Of course, faith does not believe Scripture to contain the account of a spiritual eye witness for no cause. Faith is a trust in something based upon the weight of available evidence. We exercise faith on a regular basis. For example, we place faith in the testimony of eye witnesses to a crime. We were not there to personally witness the crime. We have no way of conclusively proving the testimony with our five senses. Therefore, we are compelled to place our trust (faith) in the witness based upon that person’s credentials and the credibility of his testimony.

 

Likewise, we consider the reasons to believe the accuracy of Scripture. We do not have time to go into all of these reasons here, but there are numerous good reasons to be confident in the accuracy of Scripture.*[15] Therefore, our faith is a reasonable belief. Given the available evidence, there is good reason to believe that the account of Scripture is accurate, and there is insufficient reason to disbelieve the account of Scripture.

 

Regarding the origin of life, every person must determine whom he believes to be most trustworthy. The evolutionist believes the testimony of scientists to be reasonable enough to be the foundation for his faith. The Christian believes the testimony of the Bible to be reasonable enough to be the foundation for his faith.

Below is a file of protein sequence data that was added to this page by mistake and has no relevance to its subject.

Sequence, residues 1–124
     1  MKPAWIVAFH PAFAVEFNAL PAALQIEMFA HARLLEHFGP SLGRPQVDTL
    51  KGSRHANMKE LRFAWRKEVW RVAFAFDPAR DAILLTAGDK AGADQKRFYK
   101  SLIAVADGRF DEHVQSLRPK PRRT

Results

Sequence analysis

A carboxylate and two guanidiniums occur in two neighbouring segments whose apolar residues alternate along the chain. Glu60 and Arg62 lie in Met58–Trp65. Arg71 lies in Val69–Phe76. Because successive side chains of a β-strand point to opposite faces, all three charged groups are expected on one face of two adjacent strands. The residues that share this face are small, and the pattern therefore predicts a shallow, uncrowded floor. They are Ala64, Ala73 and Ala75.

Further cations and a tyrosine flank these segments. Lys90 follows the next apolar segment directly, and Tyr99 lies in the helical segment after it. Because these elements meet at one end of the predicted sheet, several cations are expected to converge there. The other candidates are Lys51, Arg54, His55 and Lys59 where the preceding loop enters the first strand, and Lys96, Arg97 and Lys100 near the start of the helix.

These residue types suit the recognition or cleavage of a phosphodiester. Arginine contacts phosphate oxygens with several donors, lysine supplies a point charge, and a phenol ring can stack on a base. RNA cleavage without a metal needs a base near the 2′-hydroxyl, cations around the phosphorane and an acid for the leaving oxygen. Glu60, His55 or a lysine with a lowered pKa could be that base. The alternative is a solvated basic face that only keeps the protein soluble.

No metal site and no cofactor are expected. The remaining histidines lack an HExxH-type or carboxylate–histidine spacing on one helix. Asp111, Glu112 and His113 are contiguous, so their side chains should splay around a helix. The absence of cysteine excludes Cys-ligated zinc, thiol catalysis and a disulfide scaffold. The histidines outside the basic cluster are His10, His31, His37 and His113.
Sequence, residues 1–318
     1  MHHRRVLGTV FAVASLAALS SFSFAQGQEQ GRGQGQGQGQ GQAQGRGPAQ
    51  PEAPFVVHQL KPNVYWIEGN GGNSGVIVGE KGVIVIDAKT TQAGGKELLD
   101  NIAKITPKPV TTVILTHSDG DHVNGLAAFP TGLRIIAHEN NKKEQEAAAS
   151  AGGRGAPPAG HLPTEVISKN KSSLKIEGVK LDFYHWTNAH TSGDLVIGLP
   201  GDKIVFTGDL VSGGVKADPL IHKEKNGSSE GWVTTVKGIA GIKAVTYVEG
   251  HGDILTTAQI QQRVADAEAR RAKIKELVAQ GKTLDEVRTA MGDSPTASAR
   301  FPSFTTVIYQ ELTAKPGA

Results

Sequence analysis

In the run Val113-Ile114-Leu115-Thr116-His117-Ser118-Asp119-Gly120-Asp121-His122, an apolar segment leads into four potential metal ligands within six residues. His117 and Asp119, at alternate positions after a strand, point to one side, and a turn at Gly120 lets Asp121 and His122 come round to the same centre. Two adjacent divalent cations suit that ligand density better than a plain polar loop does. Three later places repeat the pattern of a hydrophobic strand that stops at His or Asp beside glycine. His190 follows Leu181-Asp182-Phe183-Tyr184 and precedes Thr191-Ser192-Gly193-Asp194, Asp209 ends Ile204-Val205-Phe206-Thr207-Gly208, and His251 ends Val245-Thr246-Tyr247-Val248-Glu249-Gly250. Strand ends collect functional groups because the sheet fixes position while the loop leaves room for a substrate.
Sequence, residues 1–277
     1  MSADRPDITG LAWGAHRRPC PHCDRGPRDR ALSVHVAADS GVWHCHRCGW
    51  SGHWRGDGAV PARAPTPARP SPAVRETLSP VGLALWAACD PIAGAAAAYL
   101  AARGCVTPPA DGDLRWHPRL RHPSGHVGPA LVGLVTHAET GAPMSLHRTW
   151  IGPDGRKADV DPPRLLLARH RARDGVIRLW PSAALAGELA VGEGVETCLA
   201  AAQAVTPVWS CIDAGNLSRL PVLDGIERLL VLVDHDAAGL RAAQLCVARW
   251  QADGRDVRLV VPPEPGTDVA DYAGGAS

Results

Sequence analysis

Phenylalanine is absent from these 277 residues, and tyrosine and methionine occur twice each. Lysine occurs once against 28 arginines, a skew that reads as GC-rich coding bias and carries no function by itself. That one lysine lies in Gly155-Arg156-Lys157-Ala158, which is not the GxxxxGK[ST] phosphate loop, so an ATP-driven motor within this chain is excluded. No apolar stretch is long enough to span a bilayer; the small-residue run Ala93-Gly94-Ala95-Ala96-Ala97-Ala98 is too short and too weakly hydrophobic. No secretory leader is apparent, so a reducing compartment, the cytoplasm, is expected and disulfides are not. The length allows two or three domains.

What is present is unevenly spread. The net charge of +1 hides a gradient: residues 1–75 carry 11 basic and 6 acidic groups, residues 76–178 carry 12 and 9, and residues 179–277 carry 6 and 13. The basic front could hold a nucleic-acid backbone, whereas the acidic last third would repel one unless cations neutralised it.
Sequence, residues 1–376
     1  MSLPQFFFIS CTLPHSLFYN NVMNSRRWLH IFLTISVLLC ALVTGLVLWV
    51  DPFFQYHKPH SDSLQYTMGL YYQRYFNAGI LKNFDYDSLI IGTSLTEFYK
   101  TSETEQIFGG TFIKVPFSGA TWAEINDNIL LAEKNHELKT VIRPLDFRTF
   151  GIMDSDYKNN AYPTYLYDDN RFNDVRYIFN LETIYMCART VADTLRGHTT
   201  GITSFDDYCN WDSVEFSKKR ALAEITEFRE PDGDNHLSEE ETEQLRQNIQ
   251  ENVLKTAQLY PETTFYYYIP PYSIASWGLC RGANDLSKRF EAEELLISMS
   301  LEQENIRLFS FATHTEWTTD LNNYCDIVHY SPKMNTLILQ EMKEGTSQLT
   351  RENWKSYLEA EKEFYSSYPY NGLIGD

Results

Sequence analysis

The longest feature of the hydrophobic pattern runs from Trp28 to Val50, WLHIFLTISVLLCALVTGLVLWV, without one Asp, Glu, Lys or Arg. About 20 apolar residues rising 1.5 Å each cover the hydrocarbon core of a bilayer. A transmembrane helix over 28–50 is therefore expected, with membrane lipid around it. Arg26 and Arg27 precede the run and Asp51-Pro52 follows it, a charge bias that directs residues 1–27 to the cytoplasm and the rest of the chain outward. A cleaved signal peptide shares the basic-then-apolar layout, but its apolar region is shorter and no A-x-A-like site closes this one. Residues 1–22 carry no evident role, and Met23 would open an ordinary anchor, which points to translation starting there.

In a society where the spirit of antichrist has greater control, the spiritual blindness to the truth of God’s Word will be greater. The more a society rejects the authority of God’s Word, the greater will be the influence of a view that is motivated by the spirit of antichrist—such as the Darwinian hypothesis of evolutionary process. This is what Romans 1:21–25 teaches us. Therefore, as Christians, we should not be surprised that our society has embraced Darwinian evolution, and we certainly should not conform our beliefs to comply to this view that is rooted in the spirit of antichrist.

 

The spiritual battle is a battle for the hearts and minds of men. The issue of Darwinian evolution is a clear example of how our adversary has blinded the minds of men. This blindness is not based upon facts. This blindness is not based upon what is more reasonable or plausible. This blindness is based upon a spirit that rejects the authority of God and His Word. As such, the antidote to evolution is not more facts; it is the truth of God’s Word. By using the tactic of revealing this view to be based upon faith and to be no more plausible than Creationism, hopefully we can level the playing field enough to introduce the truth of God’s Word and to encourage serious consideration of it.